Calgary charity supporting people living with dementia needs vacant office space

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WATCH: Calgary charity YouQuest needs a vacant commercial office space to continue its services in support of people living with early-onset dementia. Christa Dao reports. – Aug 16, 2020

A one-of-a-kind Calgary charity is in need of office space to continue its services for people living with early-onset dementia.

YouQuest offers recreational programs for Calgarians under 65 years old and provides daytime resources for them and their families.

Co-founder Cindy McCaffery said the program is different from others in that it provides a safe space for participants in the daytime.

“One of the things about young onset dementia that’s different than with an older person with dementia is that the person is still very physically active and strong,” Cindy said.

“Many of our participants are still in their 50s and they like to play basketball, badminton [and] squash.”

Read more: Caring for a loved one with dementia during COVID-19 extra challenging, says expert

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YouQuest was operating out of SAIT’s wellness centre but the facility is closed now.

On its website, SAIT said the campus centre will remain closed until it can “ascertain [its] capacity to address public health restrictions alongside our sporting environments.”

The organization needs a vacant office or commercial space to rent — at a charity-friendly rate — two days per week. The space would need to be close to an LRT station and have a large meeting room where up to 20 people can meet with physical distancing measures in place.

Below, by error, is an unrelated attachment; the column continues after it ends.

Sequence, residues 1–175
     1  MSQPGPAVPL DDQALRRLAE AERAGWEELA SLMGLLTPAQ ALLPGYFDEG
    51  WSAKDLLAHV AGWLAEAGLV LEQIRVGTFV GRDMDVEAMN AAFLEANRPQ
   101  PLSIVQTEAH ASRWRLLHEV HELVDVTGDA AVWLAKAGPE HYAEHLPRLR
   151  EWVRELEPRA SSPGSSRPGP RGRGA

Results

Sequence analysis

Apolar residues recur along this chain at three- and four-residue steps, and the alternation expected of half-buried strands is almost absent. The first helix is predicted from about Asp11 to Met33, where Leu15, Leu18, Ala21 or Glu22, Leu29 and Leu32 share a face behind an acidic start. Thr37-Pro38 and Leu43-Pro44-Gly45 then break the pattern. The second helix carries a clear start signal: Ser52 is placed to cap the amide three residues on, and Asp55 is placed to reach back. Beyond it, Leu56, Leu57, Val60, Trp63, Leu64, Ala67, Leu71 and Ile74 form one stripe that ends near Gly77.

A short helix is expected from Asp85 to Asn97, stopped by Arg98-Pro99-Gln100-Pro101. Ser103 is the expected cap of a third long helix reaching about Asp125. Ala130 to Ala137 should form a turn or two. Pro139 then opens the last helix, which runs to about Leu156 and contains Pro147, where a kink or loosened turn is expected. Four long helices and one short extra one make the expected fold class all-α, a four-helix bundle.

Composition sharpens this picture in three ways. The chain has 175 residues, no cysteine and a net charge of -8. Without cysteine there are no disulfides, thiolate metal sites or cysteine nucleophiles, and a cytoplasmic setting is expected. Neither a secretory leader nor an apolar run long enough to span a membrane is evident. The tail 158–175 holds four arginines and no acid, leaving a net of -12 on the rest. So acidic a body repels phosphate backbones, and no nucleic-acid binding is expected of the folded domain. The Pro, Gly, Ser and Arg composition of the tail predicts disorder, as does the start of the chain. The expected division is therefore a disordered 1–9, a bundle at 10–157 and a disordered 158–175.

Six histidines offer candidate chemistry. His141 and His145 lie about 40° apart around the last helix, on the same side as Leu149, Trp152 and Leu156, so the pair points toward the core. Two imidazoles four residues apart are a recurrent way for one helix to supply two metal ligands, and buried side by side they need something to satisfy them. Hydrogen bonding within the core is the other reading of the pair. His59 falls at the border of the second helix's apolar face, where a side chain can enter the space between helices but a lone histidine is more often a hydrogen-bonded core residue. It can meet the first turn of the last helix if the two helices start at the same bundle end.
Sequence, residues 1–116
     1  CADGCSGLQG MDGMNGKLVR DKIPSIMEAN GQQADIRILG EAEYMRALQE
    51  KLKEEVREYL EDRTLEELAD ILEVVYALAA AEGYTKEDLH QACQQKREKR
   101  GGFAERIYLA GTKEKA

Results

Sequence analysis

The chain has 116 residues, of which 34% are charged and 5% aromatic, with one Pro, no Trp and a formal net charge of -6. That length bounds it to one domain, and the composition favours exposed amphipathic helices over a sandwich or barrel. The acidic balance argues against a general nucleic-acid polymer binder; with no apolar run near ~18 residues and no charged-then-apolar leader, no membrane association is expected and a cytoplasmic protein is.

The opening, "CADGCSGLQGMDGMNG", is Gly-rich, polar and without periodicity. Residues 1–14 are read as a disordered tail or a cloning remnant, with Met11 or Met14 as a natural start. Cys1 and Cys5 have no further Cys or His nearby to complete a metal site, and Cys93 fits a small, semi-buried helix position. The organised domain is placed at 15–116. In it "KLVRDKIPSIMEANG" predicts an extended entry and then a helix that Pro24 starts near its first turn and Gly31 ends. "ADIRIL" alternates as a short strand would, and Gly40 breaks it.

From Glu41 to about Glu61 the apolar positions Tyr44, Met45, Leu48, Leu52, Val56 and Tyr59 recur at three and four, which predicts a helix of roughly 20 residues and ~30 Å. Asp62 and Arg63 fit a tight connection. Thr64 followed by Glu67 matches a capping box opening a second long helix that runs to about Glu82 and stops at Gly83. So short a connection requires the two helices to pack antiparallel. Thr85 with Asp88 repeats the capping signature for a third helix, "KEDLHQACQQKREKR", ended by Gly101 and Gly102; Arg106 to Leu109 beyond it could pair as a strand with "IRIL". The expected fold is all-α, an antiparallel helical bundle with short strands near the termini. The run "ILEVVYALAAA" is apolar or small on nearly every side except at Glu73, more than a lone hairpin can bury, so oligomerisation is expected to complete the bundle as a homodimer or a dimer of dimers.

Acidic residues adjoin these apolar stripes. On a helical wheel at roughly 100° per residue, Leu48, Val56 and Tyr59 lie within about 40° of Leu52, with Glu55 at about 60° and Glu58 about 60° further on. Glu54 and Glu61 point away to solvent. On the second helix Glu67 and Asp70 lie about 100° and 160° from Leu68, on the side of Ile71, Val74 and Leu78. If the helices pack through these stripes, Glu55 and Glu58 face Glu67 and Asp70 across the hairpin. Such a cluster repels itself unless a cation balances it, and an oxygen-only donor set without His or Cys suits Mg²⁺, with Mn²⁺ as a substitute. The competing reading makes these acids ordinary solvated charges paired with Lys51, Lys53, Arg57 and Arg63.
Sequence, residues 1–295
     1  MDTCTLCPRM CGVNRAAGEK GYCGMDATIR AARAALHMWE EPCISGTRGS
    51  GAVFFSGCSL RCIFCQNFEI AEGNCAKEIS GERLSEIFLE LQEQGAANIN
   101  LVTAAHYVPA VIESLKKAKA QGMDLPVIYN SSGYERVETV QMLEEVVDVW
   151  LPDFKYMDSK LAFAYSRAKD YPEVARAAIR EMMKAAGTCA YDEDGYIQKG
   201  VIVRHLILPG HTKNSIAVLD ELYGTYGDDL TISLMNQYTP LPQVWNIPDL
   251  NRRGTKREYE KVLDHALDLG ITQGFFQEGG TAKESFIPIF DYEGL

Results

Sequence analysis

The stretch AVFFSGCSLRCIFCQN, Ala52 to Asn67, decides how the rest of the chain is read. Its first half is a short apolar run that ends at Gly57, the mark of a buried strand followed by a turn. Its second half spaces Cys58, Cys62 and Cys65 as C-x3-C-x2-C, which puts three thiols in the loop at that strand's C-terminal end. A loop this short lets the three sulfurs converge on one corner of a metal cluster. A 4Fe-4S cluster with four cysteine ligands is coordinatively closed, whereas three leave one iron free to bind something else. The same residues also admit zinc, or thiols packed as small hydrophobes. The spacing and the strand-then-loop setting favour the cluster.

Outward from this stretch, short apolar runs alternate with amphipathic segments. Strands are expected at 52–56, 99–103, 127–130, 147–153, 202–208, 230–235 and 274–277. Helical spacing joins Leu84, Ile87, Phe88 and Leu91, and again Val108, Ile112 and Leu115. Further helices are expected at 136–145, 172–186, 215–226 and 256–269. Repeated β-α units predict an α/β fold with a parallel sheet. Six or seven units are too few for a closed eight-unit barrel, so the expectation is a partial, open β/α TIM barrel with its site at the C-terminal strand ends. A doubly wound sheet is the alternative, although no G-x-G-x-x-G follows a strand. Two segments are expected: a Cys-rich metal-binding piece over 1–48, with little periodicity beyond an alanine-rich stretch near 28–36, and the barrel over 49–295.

Read more: 12 risk factors key to preventing nearly half of dementia cases, report says

The group usually meets on Thursdays, but because of the COVID-19 pandemic, it had to halt its programs.

“COVID has, unfortunately, made our participants stay home where they get isolated. They don’t get to visit their friends, they feel confined and the care partners feel all those things as well,” Cindy said.

Her husband, John McCaffery, was diagnosed with frontal temporal dementia more than a decade ago.

At 61 years old, John is still very active. The program allows him to remain fit and socialize with friends.

Read more: Many don’t understand the risk factors for dementia: study

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“One of the things, when I started having difficulty thinking, is [that] a lot of my activities dropped off… We get together with a group of volunteers and we do activities and hang out for a day,” John said.

YouQuest also provides a day of respite for caregivers, offering up peace of mind while giving caregivers some time to themselves.

“We wanted to provide a lot of activity for people with young-onset dementia to get them out of the house and back to doing the things that they enjoyed before their diagnosis. It really helps the care partners because then they have a day to themselves where they can do errands or just relax or in my case, go back to the office,” Cindy said.

“It’s great for my wife to know that we’re out somewhere with groups of volunteers and that we’re not getting into trouble,” John said.  “I think the bottom line with YouQuest is that [it is] a way of having a good day.”

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